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Not system or application shortcuts, but keyboard shortcuts used specifically on a certain webpage.

Gmail shortcuts for example.


Press Alt+f while on Facebook it will change the feed from 'Top Stories' to 'Most Recent' and vice versa.

And allow the user to set these shortcuts themselves? Perhaps a chrome extension?

share|improve this question
Do you mean keyboard shortcuts for a specific webpage only, like adding macros to do things in the gmail window? Or do you want shortcuts that will take you to (for example) gmail when you hit a key command anywhere in Chrome? – Marcus Chan Feb 3 '13 at 5:46
@MarcusChan The first. For example, if I press altD while on Facebook it will automatically clear all new notifications. And have the user set these shortcuts themselves. – rhaphazard Feb 7 '13 at 3:38
If you edit your question to be more specific about what you want to do, we can petition for it to be unclosed. – Marcus Chan Feb 7 '13 at 4:17
@marcus So I've edited the question, and I think it's pretty clear when I mention Gmail shortcuts, as to what I'm talking about. – rhaphazard Feb 8 '13 at 2:36
You could write a user script of your own. I could get you going with the Facebook example, but since I don't have a Facebook account, I have to ask: What you do usually do to clear all notifications? – Dennis Feb 11 '13 at 14:57
up vote 5 down vote accepted

The extension Shortcut Manager allows you to create custom keyboard shortcuts, but performing inner page actions requires a little knowledge in JavaScript or at least jQuery Selectors.

Offical description

Customize shortcut keys; Assign any Javascript code or browser actions to any key strokes.

You can change the browser default shortcut keys, and assign any bookmarklets or Javascript action to your hotkeys. It works as Keyconfig on Firefox.

Example actions:

  • Tabs: "Left Tab", "Upper directory", "Close right tabs", "Open your favorite page",...
  • Page: "Scroll up/down", "Insert your signature",...
  • Special: "Screen Capture"
  • Custom: Execute any Bookmarklets or Javascript code!

You can also import or export your settings so you can share it with others.


  1. Visit Shortcut Manager.
  2. Click Add to Chrome.
  3. Click Add.


I don't have a Facebook account, so let's open the Super User inbox using a keyboard shortcut.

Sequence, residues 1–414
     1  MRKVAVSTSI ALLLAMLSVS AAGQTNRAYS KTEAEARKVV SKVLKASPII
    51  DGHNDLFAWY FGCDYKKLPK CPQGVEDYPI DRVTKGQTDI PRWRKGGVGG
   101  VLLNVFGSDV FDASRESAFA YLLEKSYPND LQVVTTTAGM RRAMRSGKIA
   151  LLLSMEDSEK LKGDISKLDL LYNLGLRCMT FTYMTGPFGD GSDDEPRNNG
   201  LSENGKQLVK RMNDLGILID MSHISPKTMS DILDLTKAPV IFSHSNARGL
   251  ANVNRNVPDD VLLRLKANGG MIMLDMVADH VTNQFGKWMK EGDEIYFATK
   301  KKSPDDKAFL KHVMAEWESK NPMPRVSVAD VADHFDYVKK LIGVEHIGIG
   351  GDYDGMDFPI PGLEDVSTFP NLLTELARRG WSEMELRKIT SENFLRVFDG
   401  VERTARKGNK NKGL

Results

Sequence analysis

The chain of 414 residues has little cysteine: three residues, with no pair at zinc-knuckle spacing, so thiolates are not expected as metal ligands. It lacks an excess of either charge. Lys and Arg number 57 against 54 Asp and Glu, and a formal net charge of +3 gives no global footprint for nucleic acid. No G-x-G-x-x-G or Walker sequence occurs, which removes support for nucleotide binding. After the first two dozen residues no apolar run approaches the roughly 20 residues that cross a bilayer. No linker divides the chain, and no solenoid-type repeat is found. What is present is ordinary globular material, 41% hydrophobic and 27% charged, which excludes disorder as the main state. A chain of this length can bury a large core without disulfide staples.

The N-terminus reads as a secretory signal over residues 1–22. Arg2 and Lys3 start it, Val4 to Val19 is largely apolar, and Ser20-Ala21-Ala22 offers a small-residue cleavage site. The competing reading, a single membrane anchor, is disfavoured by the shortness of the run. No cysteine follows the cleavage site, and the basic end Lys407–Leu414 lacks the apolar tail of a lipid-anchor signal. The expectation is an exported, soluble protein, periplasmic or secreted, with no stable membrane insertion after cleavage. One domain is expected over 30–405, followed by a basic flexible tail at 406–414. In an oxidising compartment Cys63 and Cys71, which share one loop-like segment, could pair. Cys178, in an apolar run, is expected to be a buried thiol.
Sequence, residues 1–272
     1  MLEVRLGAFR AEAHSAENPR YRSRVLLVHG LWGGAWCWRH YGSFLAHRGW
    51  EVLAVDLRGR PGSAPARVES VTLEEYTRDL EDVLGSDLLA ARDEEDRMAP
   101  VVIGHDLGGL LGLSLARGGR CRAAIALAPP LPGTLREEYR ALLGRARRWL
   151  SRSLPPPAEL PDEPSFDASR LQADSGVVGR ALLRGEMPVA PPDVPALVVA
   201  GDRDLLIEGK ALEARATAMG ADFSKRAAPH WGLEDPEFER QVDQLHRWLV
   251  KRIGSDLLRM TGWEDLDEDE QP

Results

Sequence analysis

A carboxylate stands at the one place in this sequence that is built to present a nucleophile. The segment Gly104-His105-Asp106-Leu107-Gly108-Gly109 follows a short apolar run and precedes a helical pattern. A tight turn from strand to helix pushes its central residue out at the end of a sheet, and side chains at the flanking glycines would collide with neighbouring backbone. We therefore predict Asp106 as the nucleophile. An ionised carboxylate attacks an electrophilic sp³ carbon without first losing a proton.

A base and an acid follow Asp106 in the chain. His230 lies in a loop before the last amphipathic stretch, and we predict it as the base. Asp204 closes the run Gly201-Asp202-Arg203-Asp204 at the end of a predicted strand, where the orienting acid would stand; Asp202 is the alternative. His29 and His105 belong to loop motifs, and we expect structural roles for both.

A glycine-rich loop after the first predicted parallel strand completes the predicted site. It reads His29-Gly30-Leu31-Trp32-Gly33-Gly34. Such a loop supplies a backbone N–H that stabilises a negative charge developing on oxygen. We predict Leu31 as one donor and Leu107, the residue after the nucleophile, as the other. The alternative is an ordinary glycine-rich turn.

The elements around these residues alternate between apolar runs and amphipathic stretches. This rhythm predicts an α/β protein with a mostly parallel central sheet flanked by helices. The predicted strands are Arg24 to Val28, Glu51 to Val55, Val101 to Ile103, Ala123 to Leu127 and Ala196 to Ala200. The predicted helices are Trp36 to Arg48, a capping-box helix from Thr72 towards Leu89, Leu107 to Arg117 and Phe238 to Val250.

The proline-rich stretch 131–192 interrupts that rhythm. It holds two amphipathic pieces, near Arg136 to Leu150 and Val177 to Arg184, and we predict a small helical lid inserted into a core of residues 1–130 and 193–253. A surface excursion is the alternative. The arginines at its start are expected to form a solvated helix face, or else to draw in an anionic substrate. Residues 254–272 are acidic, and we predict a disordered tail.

1. Click the Shortcut Manager icon at the right of the omnibox.

  2. Click See all settings / Add new shortcuts.

  3. Click on the input field Shortcut key and press the desired key combination.

    This can be either a single multi-key shortcut (e.g., Ctrl + Shift + I or Alt+I) or a sequence of keys (e.g., I, N, B, O, X).

  4. Choose appropriate URL patterns.

    To match all pages of the domain and its subdomains, use:

  5. In Action, select Execute Javascript and enter

    in (1).

  6. Enter Open inbox in Description.

  7. We can use JavaScript's .click() method to simulate mouse clicks on any item of a web page. The tricky part is accessing those items. This is where the jQuery selectors come in handy.

    Normally, to access your inbox, you'd click on the StackExchange dropdown, then inbox. We need appropriate selectors for both.

    • Right-click the StackExchange dropdown and click Inspect Element.

      You'll see the following in the developer tools:

      <div id="header">
          <div id="portalLink">
              <a class="genu" onclick="StackExchange.ready(function(){;});return false;">Stack Exchange</a>

      The <a> tag is highlighted; this is the element where we want to simulate the click.

      The class of the element is genu. We could simply use the selector .genu, but that wouldn't work properly if there were multiple elements of the same class. A more reliable approach would be to access it as a child node of the <div> with ID portalLink (ID's are unique), using the selector #portalLink a.genu. Then, we use the .click() method.

      Entering any of the following lines in (2) will do the job:

      // click first <a> element with class `genu'
      // inside the element with ID `portalLink'
      $('#portalLink a.genu')[0].click();
      // click first <a> element with class `genu'
      // inside the element with ID `header'
      $('#header a.genu')[0].click();
      // click first element with class `genu' of the entire page
      // click first <a> element of the entire page (unreliable)
      // directly perform the onclick event (easy, but not always available)
    • In the StackExchange dropdown, right-click inbox and click Inspect Element.

      You'll see the following in the developer tools:

      <a id="seTabInbox" class="seCurrent">Inbox</a>

      This element has its own ID: seTabInbox.

      Entering any of the following lines in (2) will do the job:

      // click first (only) element with ID `seTabInbox'
      // click sixth <a> element of the entire page (unreliable)
  8. Click Save and reload all open Super User pages. Your shortcut is ready to use.

share|improve this answer
Thank you. This was really helpful. – rhaphazard Feb 13 '13 at 18:55

Give this a read(Link), it isn't very difficult although you have to open the browser-

share|improve this answer
As I stated in my question. I am talking about keyboard shortcuts within the web page, not to the website. – rhaphazard Feb 7 '13 at 3:39

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